Social research that inquires into power structures is often riddled with hierarchies itself. For instance, the difference in the status of the researcher and the research subject is not devoid of crucial power differentials. Women and minorities in protected works are often written about from an external gaze. Their personhood, expressions and contributions are reduced to that of a passive ‘muse’ or a ‘subject’, being acted upon by the genius author who claims sole authorship of the work to which they may have contributed substantially and indispensably. Similarly, the subaltern Indian research subject exists in the white male imagination as devoid of agency. Research must focus on according these subjects, on whose behalf and for whose empowerment it purchases legitimacy, the right to representation on their own terms. The right to attribution under the Indian Copyright Act can in some sense, allow women and minorities to assert control and agency over their narratives and labour as part of their creative expression.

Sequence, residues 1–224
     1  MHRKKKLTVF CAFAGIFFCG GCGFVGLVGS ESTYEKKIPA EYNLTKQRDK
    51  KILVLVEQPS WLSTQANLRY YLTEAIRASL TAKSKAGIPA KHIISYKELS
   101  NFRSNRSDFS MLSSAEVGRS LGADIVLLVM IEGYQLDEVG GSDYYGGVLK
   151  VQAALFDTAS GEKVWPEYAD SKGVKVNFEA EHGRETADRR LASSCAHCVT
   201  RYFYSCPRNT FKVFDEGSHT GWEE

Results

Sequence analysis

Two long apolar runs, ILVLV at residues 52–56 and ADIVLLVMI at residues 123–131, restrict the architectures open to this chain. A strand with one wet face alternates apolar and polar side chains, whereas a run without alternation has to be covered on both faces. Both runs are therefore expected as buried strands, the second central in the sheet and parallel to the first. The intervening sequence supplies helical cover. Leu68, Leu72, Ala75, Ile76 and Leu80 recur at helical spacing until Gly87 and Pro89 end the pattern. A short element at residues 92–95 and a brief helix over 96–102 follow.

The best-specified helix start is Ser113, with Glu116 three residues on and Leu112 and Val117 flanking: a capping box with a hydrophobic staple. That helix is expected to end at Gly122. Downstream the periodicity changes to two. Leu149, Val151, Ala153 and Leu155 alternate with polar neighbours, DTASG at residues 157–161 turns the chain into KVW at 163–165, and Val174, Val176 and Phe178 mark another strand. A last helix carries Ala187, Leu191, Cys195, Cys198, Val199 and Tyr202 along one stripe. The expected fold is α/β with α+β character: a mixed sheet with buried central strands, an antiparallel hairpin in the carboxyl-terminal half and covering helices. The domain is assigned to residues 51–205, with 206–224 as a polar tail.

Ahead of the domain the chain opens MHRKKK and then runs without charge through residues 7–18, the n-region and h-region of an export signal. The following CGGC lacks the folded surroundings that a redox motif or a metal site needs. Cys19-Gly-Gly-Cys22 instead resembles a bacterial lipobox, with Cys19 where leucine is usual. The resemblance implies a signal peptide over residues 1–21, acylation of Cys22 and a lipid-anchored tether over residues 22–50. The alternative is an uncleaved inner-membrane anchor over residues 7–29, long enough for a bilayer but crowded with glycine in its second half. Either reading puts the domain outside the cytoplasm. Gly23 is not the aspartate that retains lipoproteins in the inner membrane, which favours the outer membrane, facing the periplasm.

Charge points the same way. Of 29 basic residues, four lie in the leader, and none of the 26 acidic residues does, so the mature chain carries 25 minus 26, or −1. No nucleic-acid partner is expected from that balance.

However, the norm of anonymity is typically a part of research ethics in India and abroad. Social research organisations and institutions provide for this through guidelines such as- “No personal identifier should be collected in research tools to maintain confidentiality and anonymity of participants.”
Social research concerning marginalised communities usually entails involvement with sensitive topics that challenge established hierarchies along the fault lines of class, caste, gender, religion etc. In these contexts, attribution can lead to harmful consequences whereas anonymity (as an expressive strategy itself) can be empowering. It allows the work to be situated in the time, space and location of the research subjects without concerns regarding their privacy, safety or fear of retaliation towards them.